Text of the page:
Utah drug courts have rehabilitated thousands of hard-core users, dramatically reducing their recidivism compared with those stuck behind bars.
According to the Utah State Court records, every year 22,000 felonies are committed in Utah. It's estimated 75 percent of those are drug related. Drug Court offers a second chance to addicts who are in desperate need of one.
US Attorney General Eric H. Holder, speaking in Boston yesterday at the nation’s largest conference on drugs and crime, said drug courts play a key role in rehabilitating addicts and reducing crime and should be available to more people, especially juveniles.
Like drug court or mental health court, veterans court requires defendants to follow a strict program and uses peer mentors to help them stay the course.Judge Richard Hopper says if they do, they get the benefits and services they need and the chance to skip jail time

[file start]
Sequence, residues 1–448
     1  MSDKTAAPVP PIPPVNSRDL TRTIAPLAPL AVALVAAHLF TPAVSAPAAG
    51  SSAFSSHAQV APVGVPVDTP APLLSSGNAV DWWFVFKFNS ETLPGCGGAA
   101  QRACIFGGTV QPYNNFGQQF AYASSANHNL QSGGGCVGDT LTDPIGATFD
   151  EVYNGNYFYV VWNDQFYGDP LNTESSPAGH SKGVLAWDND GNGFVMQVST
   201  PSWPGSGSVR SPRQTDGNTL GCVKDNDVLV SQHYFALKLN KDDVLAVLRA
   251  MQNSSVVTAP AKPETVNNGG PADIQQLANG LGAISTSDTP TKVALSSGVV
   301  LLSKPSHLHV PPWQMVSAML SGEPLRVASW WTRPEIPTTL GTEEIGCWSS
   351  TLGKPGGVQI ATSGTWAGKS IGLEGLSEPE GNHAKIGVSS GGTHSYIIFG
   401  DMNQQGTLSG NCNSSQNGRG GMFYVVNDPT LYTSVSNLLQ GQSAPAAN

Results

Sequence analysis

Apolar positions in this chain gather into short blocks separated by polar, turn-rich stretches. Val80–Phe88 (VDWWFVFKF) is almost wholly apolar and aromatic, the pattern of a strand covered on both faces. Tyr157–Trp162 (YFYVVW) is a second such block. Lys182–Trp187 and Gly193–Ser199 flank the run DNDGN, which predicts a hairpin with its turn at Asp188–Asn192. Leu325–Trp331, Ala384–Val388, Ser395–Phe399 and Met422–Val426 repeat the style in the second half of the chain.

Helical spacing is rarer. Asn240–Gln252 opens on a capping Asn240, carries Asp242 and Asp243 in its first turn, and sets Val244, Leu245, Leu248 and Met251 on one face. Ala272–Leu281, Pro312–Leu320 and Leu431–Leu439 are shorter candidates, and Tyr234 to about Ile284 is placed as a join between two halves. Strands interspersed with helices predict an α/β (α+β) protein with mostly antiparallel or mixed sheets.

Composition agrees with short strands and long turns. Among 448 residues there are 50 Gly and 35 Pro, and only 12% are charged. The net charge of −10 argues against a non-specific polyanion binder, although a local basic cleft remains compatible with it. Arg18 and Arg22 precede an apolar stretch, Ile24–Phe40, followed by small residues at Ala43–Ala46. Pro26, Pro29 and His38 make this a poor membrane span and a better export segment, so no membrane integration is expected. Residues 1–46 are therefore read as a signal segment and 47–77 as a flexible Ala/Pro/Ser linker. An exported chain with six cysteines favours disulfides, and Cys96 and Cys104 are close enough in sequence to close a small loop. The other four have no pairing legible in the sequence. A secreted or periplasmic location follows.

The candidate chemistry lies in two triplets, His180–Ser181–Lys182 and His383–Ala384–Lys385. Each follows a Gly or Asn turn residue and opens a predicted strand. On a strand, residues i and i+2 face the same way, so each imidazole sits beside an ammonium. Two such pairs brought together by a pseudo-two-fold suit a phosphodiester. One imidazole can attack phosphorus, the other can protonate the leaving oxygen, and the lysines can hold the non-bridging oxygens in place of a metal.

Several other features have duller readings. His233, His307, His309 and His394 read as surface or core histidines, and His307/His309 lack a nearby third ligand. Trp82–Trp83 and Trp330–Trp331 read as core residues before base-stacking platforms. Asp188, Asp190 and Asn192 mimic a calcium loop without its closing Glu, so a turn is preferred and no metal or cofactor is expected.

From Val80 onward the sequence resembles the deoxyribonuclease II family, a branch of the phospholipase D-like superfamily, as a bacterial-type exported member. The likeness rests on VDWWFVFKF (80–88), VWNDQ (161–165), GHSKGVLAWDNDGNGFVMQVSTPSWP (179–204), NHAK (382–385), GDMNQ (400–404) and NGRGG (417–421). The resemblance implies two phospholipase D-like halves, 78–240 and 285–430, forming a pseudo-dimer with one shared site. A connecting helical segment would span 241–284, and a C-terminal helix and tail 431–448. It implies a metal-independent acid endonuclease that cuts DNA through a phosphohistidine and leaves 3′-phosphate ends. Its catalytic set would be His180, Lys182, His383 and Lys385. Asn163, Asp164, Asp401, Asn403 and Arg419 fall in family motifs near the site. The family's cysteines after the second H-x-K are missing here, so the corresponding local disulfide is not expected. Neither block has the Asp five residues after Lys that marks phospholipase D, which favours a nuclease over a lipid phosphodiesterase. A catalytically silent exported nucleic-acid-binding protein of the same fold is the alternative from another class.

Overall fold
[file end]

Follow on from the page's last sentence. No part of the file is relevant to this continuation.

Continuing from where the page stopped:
At the state level, special courts to deal with the problems of veterans are being formed across the nation, modeled on the special courts to deal with drug and mental health issues. Twenty-one veterans courts are in operation, said West Huddleston, the chief executive officer of the National Association of Drug Court Professionals.
Marks had just started a special court designed to give veterans who commit nonviolent crimes a second chance. "We're working with someone who has a special quality and that that special quality is that he or she made a commitment to their country, to giving their life," she told Martin.
Over the past 20 years drug courts have cut crime rates and proved far cheaper than prison. They are also expected to be part of a drug strategy report the administration of U.S. President Barack Obama is due to issue in February.
Drug courts seem to be that vanishingly rare thing in Washington: an issue with near consensus.